Gone in 60 Seconds (2000)
Retired car thief Memphis Raines (Cage) has to do one more boost to save his little brother Kip (Ribisi) from crime boss Raymond Calitri (Eccleston). Raines must steal fifty cars in one night with the help of car thieves both young and old (Duvall, Jolie, Jones, McBride). He'll need to outrun the detectives trying to take him down (Lindo, Olyphant).
1 hour 58 minutes
June 5, 2000
Director: Dominic Sena
Writers: H B Halicki & Scott Rosenberg
Starring: Nicolas Cage, Angelina Jolie, Giovanni Ribisi, Chi McBride, Delroy Lindo, Robert Duvall, Christopher Eccleston
Genre: Action, Light Comedy and Drama, Car Worship (I mean theft)
In honor of Baby Driver’s release (our review here), I want to look back at another car chase movie about love and how Crime Doesn’t Pay: the weird and awkward and wonderfully daffy Gone in 60 Seconds. This movie is the 2000-released complete remake of a seminal 1974 movie that revolutionized how car stunts were performed and filmed. The 2000 60 Seconds is not a revolution; it rebuilds a great car chase as a good movie.
Violence: Both fistfights and gunfights, some cars are blown up, a man is knocked over a railing to his death, someone is almost crushed by a car compactor, and many people are injured during an extended car chase.
Language: ***hole and equivalent words are used.
Sexual content: There is an extended discussion of sex. A couple kiss in a car while watching another couple kiss and undress.
Drug/Alcohol References: Heroin is shown and discussed. No drugs are used on screen.
Other Negative Content: The main plot concerns stealing cars. A police officer lets a criminal off for saving his life.
Positive Content: The engine of the movie is Memphis’ sacrificial love for his younger brother Kip. Crime is shown as fun but extremely destructive and pointless. Loving relationships are the most important thing in the world of the movie.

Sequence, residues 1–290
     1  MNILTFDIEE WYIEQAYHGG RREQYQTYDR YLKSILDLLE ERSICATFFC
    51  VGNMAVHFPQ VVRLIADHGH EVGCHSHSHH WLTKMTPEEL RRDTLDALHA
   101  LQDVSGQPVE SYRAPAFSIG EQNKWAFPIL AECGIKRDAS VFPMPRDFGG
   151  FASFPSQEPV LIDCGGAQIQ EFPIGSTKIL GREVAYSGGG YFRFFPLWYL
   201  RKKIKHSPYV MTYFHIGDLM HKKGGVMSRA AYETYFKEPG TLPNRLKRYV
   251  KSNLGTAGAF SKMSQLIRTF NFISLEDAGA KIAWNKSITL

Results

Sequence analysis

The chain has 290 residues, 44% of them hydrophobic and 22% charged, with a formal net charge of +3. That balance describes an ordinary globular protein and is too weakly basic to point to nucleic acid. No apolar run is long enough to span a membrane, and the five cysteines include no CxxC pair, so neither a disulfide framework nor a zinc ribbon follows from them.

This movie is a jigsaw with some broken pieces. The dialogue is as cliche as you can get, Giovanni Ribisi can’t carry the emotional weight of his role as Kip, and some of the action scenes serve no purpose (looking at you Johnny B).
I love this movie. And I think the reasons why I love it can tell us a lot about why movies do or don’t work. I love this movie because I understand what everyone wants. Memphis wants to save his brother and retrieve the best parts of his old life. Calitri wants to get his cars but really cares about being in control at all times. Detective Castlebeck wants to catch the car thief that got away. The younger car thieves want to prove themselves, and most of the older ones want to return to fulfilment in their past vocation.
Everybody wants something. And their desires are both revealed and altered by their decisions in the face of the events of the movie. That’s something I can say about fewer and fewer movies: that I know why these characters are part of this plot and make these choices. All art gains power from being specific: war movies show you the awful nature of war by showing you the specific stories of individuals. This works in goofy B-movies about car theft. It works in all stories. It doesn’t make 60 Seconds a good movie, but it makes it well-executed.
Besides the clarity of its character motivations, the other great strength of 60 Seconds is its sincerity. By the end of the film it has said what it wants to say without irony or cynicism. If a movie wants to reach human beings it can contain irony and cynicism but it cannot have them at its core: it needs to have something it wants to earnestly say. 60 Seconds wants to say that love for friends and family gives life meaning and purpose. So it says that.